The London College of Fashion, one of the world’s leading fashion colleges, has been forced to almost double its course fees to more than £6,000 for its 2012 intake due to cuts in government funding.
The college, the top UK destination for education in fashion design, currently charges students £3,375 a year for a full-time honours degree.
However, a spokeswoman for University of the Arts, which runs the London College of Fashion and five other colleges, said: “Across the University of the Arts, it is very likely we will have to charge in excess of £6,000, as we are losing the majority of the funding that the Government gives us.”
She added: “Art and design are expensive courses to teach, as you need specialist technical equipment.”
The university anticipates a cut to its grant of between 7% and 10% in 2011/12, which would mean a reduction in its expenditure of about £8m.
From September 2012, most universities and colleges will be able to charge new full-time students up to £9,000 a year. However, those that want to charge in excess of £6,000 a year will have to make sure students from all income groups can access their courses and will have to apply for parliamentary approval to increase their fees.
Frances Corner, head of college at the London College of Fashion, said that the college was committed to past, present and future students and that bursaries and scholarships would help impoverished students to attend.
Corner said: “Scholarships and bursaries can ensure that any change in fees will not preclude a potential student from pursuing their aspirations. The college will continue to provide a range of widening participation initiatives, including school and community outreach programmes, so that we can maintain the quality and diversity of our student body.”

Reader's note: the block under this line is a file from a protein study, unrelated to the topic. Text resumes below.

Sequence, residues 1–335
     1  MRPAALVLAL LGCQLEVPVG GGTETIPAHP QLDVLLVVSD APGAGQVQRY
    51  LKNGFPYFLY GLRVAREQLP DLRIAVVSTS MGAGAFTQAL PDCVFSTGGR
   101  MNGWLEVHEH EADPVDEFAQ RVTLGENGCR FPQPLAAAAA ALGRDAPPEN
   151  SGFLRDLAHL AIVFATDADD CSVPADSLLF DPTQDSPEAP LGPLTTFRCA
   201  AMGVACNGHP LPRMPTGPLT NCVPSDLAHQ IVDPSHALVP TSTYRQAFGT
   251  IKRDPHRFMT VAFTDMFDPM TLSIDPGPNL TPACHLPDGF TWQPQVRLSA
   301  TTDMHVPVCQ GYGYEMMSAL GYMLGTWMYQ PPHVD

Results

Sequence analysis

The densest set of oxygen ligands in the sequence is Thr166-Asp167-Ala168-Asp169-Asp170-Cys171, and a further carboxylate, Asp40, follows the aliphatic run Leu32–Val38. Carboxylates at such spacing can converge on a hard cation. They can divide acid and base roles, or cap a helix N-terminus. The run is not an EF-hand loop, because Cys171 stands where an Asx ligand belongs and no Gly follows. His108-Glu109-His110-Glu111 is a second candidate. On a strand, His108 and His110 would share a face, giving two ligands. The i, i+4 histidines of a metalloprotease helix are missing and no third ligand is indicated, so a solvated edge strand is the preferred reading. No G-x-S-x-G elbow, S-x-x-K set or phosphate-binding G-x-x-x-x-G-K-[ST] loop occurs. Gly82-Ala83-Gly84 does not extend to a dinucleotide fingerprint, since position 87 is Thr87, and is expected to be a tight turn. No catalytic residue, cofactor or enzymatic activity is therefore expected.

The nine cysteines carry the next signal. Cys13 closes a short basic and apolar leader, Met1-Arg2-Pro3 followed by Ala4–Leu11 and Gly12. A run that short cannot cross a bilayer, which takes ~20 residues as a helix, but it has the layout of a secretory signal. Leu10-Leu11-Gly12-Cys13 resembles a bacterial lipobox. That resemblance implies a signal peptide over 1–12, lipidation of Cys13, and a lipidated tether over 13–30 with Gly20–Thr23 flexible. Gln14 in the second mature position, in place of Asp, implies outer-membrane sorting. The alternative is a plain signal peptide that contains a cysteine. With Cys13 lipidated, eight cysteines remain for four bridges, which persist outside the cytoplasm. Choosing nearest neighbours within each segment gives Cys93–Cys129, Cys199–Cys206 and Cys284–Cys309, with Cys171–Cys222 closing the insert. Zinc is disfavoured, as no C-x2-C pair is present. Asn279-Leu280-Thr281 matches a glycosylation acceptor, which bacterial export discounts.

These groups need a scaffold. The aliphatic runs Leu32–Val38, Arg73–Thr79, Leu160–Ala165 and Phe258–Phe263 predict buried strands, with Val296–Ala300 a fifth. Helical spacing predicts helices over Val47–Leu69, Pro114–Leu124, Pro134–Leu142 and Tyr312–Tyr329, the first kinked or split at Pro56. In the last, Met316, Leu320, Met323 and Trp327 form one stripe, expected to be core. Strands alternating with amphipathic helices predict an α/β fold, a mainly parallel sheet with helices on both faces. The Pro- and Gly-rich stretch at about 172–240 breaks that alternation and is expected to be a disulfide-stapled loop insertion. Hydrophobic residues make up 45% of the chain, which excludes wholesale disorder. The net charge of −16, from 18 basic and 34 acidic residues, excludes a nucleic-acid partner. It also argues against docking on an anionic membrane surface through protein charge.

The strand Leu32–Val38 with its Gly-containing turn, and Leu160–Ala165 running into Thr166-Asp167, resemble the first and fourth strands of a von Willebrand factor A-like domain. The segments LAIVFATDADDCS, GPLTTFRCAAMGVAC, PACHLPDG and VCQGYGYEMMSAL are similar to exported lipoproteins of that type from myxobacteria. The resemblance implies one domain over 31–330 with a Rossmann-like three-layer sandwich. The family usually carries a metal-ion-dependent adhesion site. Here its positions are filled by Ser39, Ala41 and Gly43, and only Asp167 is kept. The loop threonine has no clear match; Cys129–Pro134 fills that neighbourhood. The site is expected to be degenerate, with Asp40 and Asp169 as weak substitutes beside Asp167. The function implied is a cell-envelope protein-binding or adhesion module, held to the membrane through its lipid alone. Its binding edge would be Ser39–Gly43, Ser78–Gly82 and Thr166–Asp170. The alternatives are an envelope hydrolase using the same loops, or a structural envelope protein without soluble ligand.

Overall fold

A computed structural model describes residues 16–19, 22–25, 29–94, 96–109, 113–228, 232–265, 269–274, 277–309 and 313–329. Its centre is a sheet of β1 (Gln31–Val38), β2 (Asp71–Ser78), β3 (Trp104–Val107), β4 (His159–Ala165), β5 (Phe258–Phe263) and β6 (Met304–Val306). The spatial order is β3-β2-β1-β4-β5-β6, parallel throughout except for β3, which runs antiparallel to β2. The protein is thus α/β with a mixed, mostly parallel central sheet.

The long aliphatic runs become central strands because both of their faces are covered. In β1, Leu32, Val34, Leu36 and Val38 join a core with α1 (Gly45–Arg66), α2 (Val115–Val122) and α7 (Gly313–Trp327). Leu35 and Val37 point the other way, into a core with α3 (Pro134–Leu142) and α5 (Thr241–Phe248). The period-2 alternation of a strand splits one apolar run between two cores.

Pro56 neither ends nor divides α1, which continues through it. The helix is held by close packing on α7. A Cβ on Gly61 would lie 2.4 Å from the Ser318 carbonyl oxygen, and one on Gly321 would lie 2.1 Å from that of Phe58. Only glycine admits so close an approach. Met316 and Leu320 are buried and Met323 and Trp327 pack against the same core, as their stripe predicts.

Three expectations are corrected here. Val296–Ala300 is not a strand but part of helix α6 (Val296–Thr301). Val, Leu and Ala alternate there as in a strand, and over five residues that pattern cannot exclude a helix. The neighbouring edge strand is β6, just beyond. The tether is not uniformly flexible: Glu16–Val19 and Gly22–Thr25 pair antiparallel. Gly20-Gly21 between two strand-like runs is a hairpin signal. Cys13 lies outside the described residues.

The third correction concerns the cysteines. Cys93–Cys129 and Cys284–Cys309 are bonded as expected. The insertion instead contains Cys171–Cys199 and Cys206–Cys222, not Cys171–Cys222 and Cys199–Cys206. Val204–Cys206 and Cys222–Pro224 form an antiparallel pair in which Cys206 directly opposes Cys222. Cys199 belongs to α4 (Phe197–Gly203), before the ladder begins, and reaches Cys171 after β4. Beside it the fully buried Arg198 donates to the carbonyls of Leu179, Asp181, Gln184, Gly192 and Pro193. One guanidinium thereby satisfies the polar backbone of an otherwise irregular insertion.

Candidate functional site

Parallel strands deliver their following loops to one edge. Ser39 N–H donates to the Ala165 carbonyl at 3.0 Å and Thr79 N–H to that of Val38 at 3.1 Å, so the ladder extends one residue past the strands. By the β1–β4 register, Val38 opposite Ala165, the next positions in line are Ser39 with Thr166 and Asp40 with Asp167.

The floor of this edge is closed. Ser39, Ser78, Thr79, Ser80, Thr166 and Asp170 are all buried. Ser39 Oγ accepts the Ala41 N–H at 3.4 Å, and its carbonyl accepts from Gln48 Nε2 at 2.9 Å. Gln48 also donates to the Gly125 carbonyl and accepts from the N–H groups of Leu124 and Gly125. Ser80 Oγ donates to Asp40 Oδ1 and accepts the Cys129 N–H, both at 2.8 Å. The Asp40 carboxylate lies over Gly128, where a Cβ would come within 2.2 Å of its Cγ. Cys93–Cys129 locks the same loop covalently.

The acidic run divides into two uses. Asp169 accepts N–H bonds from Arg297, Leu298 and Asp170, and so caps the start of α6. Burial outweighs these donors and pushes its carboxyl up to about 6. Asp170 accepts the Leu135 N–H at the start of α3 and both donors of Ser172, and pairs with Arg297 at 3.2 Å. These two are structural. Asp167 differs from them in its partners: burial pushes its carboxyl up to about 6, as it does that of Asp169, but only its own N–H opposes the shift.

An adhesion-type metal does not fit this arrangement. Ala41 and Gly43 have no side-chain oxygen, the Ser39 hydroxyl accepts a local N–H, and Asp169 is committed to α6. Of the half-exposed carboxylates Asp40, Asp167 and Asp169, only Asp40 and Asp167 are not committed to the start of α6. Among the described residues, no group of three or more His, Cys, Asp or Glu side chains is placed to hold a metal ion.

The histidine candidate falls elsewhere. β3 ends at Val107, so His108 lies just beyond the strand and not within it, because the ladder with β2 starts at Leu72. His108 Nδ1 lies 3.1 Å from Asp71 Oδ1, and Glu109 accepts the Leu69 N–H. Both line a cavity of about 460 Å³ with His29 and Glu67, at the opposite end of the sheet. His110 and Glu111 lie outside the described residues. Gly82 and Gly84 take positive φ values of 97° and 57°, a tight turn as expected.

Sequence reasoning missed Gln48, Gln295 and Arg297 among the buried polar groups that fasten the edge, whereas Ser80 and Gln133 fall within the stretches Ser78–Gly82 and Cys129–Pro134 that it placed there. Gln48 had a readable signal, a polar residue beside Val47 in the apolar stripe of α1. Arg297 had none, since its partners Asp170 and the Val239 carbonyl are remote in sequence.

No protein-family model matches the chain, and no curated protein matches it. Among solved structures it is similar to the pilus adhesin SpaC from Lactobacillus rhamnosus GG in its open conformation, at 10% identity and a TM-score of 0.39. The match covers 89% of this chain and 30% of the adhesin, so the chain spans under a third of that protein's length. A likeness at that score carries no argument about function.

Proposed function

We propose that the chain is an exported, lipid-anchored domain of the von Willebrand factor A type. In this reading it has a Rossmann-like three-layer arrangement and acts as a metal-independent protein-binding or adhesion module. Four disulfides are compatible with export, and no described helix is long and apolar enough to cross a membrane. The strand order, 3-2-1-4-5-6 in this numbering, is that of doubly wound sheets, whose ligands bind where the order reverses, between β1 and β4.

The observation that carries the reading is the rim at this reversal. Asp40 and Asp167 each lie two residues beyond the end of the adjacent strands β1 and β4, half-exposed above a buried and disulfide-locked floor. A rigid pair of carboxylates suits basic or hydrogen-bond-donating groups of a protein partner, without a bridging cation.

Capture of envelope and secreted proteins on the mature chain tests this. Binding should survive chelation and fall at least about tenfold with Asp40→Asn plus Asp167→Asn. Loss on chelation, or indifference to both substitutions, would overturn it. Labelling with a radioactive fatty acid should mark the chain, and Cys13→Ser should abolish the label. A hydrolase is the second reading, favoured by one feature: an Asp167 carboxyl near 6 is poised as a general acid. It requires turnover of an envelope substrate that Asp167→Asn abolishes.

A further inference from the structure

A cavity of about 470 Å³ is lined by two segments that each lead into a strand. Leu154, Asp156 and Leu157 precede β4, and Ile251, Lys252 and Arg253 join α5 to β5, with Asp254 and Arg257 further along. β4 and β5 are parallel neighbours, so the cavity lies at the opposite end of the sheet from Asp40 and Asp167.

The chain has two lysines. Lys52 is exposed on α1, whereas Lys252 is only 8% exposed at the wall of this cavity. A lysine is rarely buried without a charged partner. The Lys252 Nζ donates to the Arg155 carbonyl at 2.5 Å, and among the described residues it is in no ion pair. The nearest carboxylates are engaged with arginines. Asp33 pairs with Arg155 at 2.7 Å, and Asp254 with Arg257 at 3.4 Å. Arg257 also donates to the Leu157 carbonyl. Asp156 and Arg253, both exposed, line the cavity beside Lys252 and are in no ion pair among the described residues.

Separately, Drapers has unearthed that fashion students at some UK universities have been outsourcing the production of garments for their final graduate collections, which has led to criticism that design graduates lack the core make-up skills needed for garment production.
Rachel Bromley, co-director of womenswear manufacturer Sienna Couture in London’s Battersea Park, said students on fashion courses at the London College of Fashion and the Birmingham Institute of Art and Design had outsourced collections to the company. She said: “It is great for us as it’s work, but it’s disgraceful because they finish university and they can’t sew a button on.”
She added that the amount of work done for individual students ranged from one or two pieces to a whole collection, and that Sienna Couture produced garments for about 20 students a year. However, Terry Mansfield, chairman of Graduate Fashion Week, said: “I’ve never known this to happen.”